Commerce Investments Are Set to Surge
Companies are paying more attention to how their customers are paying them, encouraging many multisite businesses to upgrade their commerce technology.
Pier 1 Imports, for example, debuted an e-commerce site this fall with two options for order fulfillment—Pier 1 To You and Pier 1 To Go. Pier 1 To You lets customers order online and have a product shipped to their homes. Pier 1 To Go facilitates an order online with pickup in-store.
Walmart launched its Pay-With-Cash program earlier this year to enable online customers to pay with cash in a store rather than giving their credit card details online. Walmart can ship products purchased directly to the customer or to a local Walmart store or FedEx office.
These companies are not alone. More than half (52 percent) of companies plan to change their commerce platform—or "replatform"—technology solutions within two years, according to a recent Forrester Wave report.
"Not only is commerce completely changing, observes Ray Wang, principal analyst and CEO at Constellation Research, but "we have to take into account…the buyer-centric point of view. The seller has to figure out [whether] people are interested in [his] products and [whether they are] available or not. This is a much bigger problem than just commerce, and that's why you're seeing the data out there reflect that."
"Many businesses today are on homegrown or aging first-generation e-commerce solutions," says Brian Walker, vice president and principal analyst at Forrester Research and lead author of the report.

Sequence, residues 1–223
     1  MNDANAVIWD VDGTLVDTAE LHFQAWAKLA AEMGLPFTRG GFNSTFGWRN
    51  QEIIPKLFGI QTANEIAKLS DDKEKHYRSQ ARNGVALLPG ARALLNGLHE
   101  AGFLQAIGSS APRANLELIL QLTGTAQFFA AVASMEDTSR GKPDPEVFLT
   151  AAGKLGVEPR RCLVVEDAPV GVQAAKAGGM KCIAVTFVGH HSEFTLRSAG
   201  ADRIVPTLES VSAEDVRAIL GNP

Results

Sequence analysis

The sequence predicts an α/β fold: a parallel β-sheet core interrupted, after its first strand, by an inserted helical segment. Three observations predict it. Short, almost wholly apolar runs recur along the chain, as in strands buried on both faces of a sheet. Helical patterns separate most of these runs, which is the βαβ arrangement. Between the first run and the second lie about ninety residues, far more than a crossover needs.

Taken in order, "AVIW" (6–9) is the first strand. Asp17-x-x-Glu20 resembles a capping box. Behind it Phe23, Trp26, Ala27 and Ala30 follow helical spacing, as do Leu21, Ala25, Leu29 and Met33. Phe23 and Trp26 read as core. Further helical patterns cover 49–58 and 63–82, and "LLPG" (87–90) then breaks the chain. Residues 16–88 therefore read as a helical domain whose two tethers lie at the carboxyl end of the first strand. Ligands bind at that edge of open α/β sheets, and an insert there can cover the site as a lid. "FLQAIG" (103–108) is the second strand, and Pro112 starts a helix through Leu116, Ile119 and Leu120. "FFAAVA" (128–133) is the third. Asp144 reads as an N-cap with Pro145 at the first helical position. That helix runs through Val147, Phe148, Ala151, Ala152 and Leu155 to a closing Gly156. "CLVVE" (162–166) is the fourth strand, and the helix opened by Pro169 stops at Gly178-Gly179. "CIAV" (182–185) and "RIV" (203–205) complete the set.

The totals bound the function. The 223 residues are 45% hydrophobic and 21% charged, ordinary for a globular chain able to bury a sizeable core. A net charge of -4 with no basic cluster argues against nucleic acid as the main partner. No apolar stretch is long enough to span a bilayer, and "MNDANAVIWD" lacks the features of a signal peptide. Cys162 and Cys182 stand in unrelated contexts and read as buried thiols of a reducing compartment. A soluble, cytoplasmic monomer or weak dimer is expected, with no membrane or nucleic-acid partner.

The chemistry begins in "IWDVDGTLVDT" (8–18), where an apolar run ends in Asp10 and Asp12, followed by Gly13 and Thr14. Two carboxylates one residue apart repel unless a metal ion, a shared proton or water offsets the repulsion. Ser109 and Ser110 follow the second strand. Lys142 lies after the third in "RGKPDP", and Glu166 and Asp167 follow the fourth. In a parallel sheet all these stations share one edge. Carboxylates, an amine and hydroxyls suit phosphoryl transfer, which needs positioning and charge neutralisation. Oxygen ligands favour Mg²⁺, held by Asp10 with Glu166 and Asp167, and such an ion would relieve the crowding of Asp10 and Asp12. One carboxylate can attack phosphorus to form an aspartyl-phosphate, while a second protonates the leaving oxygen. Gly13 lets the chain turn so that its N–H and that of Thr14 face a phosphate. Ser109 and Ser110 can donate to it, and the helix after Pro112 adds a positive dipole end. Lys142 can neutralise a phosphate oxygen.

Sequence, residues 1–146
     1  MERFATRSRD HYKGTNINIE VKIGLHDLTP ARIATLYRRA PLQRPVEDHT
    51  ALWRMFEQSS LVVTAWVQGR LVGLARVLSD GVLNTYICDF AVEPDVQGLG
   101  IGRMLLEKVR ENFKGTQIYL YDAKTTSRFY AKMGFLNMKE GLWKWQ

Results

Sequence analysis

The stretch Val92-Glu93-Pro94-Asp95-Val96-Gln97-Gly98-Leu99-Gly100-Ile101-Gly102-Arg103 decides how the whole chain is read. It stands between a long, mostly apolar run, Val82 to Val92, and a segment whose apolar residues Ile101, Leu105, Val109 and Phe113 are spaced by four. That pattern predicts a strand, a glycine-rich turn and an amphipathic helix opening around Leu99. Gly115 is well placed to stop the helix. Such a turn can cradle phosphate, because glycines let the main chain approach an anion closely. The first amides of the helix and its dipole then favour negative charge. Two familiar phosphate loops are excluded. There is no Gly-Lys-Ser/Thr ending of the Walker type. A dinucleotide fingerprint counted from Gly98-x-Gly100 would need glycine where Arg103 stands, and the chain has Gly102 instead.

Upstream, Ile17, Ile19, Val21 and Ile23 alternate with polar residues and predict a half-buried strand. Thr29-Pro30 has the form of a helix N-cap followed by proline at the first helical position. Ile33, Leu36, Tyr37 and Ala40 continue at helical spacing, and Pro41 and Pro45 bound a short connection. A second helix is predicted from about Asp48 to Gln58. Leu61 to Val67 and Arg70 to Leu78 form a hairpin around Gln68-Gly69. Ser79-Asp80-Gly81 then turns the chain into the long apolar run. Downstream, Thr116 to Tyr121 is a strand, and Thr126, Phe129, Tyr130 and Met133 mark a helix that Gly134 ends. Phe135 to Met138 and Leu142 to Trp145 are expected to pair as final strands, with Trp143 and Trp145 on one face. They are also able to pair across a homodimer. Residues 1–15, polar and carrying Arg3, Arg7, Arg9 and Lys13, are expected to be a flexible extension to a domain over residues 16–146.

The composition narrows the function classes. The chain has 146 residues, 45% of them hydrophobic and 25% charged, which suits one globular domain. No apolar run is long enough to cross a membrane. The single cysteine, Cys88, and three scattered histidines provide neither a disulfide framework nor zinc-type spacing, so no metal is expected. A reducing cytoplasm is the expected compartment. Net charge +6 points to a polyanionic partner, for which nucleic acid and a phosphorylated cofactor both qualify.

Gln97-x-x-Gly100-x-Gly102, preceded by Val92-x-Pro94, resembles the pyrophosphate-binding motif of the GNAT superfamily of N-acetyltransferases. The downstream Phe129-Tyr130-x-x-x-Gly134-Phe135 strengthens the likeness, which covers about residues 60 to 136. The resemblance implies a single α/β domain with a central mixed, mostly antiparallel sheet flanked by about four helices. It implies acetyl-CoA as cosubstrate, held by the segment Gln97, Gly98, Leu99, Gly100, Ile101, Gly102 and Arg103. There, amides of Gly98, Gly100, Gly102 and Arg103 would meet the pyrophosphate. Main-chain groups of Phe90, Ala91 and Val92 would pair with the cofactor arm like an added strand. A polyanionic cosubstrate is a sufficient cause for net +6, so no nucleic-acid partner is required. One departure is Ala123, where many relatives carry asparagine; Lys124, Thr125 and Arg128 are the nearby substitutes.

"Primarily, replatforming is driven by the need for better business tools, new customer touchpoints like mobile, and, of course, the need for omni-channel capabilities."
Moving forward, Walker says, "we can expect the rate of replatforming to come down in three to four years in B2C, but to extend for many years in B2B."
Companies looking to replatform their commerce technology should consider product and Web content management, Walker said. Greater control over the customer experience on the company Web site without the need for developer or IT intervention is a major selling point, as is resource allocation for marketing, selling, shipping, and customer support.
Before selecting a commerce solution, Walker says companies should identify their business goals (such as improving multisite, global, mobile, or order management strategies). Then he suggests defining brand and service differentiators and mapping out the desired customer experience and strategies for technology implementation, operations capabilities, and strategic objectives.
The Forrester Wave report also identified the top 10 e-commerce software vendors. IBM took the top spot based on technology it gained from its 2010 acquisition of Sterling Commerce and its own WebSphere Commerce product, which delivers cross-channel marketing, personalization, and merchandising capabilities. Hybris, and Oracle, which blended solutions acquired during its acquisitions of ATG and Endeca into the Oracle Commerce suite, rounded out the top three. Demandware, which offers a software-as-a-service solution, scored high for its multisite and merchandising tools, but its order management capacity was considered far less developed than the other three vendors for larger or more complex client needs. Also on the list were Digital River, Intershop, Magento, Micros-Retail, RedPrairie, and SAP.
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